The History Of Schools in Spartanburg, S.C. School District 3

If you think these are just houses, think again. These were all schools at one time.

 

Before 1950, each school for white children was considered a district.
On May 6, 1950, the numerous small districts of Spartanburg County were consolidated into twelve districts by an act of the South Carolina Legislature. This consolidation resulted in Districts Eight and Nine.
     District Eight was comprised of the following schools: Mt. Oliveview, No. 35; Clifton, No. 38; Cowpens, No. 50;          Lenoir, No. 53, Gold Mine, No. 90, and Cannons, No. 99.
     District Nine schools were: Whitestone, No. 35; Glendale, No. 39; Pacolet Mills, No. 40; and Pacolet, No. 47.
There was further consolidation on March 22, 1952, when the legislature merged the twelve districts into seven. Districts Eight and Nine were merged to form what is today Spartanburg District Three.

Click on the school name to read the history of each.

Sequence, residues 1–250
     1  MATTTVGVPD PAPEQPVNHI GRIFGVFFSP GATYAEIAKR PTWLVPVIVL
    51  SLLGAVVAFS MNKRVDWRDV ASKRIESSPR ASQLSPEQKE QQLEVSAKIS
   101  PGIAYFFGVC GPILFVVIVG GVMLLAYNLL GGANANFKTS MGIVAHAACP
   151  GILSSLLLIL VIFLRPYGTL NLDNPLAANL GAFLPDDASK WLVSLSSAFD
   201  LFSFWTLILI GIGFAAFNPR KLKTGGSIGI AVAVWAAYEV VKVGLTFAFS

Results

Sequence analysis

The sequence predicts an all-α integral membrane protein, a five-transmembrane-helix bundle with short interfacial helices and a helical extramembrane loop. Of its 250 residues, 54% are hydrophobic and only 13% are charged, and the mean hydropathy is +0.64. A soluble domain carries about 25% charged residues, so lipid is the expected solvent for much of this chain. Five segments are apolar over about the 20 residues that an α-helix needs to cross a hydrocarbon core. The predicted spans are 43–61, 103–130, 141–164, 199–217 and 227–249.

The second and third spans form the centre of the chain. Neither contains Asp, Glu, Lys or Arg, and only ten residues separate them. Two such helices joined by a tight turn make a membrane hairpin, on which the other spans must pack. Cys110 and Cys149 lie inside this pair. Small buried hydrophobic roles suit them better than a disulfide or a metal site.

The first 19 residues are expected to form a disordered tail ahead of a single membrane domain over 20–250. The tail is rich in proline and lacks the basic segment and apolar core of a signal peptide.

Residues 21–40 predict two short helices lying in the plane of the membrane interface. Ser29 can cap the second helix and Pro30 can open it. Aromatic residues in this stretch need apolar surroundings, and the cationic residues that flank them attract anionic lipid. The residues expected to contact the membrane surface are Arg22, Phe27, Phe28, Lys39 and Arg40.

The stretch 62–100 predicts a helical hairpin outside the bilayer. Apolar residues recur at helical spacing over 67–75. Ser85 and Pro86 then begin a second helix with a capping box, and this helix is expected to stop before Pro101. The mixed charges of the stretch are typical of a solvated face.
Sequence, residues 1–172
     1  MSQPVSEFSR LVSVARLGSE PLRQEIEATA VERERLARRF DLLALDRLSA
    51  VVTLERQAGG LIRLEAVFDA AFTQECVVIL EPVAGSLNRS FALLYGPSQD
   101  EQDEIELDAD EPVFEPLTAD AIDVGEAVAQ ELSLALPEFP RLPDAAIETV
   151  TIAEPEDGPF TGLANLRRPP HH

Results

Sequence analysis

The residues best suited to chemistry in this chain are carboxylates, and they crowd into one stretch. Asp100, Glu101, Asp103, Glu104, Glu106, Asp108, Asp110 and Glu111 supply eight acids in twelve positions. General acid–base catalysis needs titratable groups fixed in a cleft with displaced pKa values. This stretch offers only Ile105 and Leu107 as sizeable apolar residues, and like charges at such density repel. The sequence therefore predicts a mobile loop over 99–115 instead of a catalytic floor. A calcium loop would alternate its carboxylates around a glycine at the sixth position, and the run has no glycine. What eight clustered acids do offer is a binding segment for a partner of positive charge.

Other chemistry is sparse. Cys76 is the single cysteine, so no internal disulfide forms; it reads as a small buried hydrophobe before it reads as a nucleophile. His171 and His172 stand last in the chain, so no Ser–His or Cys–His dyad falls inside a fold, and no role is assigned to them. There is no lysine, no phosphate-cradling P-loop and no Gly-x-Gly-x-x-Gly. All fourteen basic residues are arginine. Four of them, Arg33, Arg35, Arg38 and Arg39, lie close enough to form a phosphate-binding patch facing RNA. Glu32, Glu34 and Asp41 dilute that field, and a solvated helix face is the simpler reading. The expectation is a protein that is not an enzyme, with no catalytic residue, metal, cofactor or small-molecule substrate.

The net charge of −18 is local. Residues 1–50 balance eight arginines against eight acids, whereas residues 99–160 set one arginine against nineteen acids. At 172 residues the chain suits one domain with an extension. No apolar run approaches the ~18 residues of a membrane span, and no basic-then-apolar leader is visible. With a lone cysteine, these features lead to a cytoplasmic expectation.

Schools have changed in many ways over the years.  The following copy of a “Teacher’s Report” written in 1916 illustrates how different that school was from ours today.

Record from Clifton No. 2 School, District 38

Lalla Bess Goforth Settlemeyer was paid $35.00 for teaching during the period of April 3, 1916, to April 28, 1916, a total of 20 days.

Total enrollment was 62 students: 29 boys and 33 girls.  On average, however, only about 28 students attended each day.

Also, according to local historian David Moore, in the early years of the communities children only attended school until the age of about 10.  Then they left school to work and help support their families.  Also, he said, in the early years, school was only conducted during the months of October through February, when the children weren’t needed in the fields.

Credits
Photographs taken by Katie B. with the help of her grandmother.
David Moore, Personal Interview, February 28, 2001
”Teacher’s Report” from archives at Clifdale Elementary School